Sainsbury’s to launch in-store reusing plan for its own packaging after eco warriors staged plastic protest at company HQ

Sainsbury’s is to give clients a chance to strip away overabundance plastic packaging from their shopping and leave it to be recycled in store, in an effort to cut down on waste and pollution.

The declaration comes after its HQ was targeted by environmental protesters earlier this week, who blamed the market chain for doing too little to even consider tackling issues brought about by unnecessary packaging.

Greenpeace spread out an large banner with the words ‘Couldn’t care less’ in the lobby of its central London head office, and turned in a large number of tweeted protests from clients worried about packaging on items such as fruit and vegetables.

The supermarket said its new ‘pre-cycle’ scheme will be introduced in ‘certain stores later this year’, with an area set aside to leave packaging for recycling.

It guaranteed this implied sustenance stays ensured through the supply chain but that customers did not have to take it home.

Chief executive Mike Coupe said: ‘We are serious about reducing plastic. For many years, Sainsbury’s has prioritised sustainability and sought innovative solutions to reduce plastic packaging and increase recycling. This announcement demonstrates our firm commitments for the future to make significant reductions in plastic use.’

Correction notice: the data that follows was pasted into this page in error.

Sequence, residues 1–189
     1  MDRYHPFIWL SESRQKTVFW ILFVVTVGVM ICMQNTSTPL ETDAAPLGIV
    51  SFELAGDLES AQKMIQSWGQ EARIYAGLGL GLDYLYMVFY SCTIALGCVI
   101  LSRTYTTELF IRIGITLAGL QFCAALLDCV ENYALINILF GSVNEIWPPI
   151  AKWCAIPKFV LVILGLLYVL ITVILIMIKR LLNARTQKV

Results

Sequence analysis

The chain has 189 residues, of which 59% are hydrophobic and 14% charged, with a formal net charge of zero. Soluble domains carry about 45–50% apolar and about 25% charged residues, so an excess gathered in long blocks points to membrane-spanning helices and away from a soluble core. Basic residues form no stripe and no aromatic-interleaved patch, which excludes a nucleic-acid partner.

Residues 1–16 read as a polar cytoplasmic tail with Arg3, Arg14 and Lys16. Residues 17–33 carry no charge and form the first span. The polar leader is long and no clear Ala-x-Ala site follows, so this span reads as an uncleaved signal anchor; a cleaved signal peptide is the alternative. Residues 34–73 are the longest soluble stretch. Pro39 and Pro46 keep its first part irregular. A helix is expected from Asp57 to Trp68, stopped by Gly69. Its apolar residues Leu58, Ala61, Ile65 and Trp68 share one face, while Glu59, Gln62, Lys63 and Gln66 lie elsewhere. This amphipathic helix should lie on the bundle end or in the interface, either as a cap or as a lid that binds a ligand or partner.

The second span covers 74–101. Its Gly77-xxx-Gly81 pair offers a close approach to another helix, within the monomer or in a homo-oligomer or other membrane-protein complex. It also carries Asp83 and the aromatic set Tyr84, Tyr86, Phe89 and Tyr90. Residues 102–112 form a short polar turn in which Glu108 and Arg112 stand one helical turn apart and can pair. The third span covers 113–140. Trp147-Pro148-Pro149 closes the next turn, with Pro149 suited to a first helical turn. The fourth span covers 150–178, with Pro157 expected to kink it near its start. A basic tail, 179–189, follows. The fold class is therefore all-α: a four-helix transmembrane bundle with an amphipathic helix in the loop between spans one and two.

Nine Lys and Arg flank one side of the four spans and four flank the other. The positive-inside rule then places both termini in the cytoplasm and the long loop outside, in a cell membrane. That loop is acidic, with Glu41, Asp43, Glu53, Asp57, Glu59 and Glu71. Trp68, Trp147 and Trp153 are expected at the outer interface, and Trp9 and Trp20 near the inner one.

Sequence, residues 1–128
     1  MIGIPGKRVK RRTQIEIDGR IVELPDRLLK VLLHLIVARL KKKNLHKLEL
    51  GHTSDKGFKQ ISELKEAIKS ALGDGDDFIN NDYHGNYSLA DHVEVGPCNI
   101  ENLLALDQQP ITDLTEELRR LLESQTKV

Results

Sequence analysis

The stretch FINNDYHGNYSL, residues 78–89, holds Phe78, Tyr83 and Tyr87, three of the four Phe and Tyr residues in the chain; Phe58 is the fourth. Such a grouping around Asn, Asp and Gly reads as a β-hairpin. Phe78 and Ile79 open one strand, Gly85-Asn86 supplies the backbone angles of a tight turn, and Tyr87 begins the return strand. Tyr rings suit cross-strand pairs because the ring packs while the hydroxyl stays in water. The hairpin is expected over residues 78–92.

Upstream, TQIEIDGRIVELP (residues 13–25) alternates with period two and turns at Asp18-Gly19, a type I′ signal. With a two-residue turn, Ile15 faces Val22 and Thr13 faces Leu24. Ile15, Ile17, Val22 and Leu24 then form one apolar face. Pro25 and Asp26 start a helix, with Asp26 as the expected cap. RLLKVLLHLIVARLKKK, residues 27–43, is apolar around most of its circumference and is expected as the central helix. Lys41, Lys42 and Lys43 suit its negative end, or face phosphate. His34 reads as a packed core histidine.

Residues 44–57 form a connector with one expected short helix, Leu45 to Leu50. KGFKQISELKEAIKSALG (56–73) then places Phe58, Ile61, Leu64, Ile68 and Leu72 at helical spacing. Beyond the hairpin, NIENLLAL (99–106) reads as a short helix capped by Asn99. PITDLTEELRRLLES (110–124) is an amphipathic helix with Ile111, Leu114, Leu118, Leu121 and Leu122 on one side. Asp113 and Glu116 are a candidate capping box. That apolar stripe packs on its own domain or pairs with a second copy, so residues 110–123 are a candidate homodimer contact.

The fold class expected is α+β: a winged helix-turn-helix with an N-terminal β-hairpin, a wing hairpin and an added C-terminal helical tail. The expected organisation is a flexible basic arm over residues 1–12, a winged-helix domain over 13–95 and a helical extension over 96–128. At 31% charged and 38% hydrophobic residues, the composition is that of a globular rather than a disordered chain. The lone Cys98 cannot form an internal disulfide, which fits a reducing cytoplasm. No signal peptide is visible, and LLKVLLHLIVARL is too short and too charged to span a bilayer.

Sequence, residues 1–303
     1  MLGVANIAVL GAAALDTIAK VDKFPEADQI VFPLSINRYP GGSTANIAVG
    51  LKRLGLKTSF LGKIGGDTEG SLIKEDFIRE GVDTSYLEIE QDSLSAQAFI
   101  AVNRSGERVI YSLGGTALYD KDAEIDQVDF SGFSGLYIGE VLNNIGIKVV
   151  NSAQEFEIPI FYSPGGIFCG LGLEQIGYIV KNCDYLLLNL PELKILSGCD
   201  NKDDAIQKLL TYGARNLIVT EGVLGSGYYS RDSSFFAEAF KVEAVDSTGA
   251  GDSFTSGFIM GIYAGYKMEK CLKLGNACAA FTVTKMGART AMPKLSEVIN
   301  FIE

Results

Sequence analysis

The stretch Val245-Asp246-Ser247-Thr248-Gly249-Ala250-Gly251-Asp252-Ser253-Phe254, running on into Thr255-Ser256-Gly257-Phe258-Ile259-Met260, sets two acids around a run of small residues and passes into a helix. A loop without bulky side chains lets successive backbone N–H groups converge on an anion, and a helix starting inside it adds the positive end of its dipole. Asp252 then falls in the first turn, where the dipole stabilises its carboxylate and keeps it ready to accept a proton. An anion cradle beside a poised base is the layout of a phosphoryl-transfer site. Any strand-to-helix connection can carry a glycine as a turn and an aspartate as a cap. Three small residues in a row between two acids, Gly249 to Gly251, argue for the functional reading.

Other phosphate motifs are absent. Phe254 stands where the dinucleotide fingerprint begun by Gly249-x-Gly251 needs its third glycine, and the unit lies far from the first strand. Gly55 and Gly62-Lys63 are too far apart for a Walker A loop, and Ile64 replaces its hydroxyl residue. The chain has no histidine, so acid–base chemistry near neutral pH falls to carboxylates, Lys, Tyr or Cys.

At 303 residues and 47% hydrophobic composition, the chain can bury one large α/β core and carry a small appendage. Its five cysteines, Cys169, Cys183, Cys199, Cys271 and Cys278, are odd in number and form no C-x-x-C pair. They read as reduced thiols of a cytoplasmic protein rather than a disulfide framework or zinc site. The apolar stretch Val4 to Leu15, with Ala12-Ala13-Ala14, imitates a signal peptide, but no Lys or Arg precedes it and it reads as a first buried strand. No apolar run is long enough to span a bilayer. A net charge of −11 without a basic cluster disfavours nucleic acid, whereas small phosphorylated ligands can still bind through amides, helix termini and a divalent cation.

Be that as it may, the move to give customers leave excess packaging behind was expelled by Greenpeace as ‘missing the point’.

Spokesman Elena Polisano said: ‘They’re producing too much plastic packaging in the first place, and should be cutting it out rather than focusing on recycling and shifting responsibility for plastic packaging on to their customers.

‘Sainsbury’s must go much further and pledge to eliminate unnecessary plastic by the end of next year.’

In other measures, Sainsbury’s said that by March next year it will end the use of dark coloured plastics, which are difficult to recycle, which should remove millions of tons from going to landfill or being burned for energy.

The company is additionally following a lead by other supermarket chains by removing plastic coverings from a number of fruit and vegetable lines.

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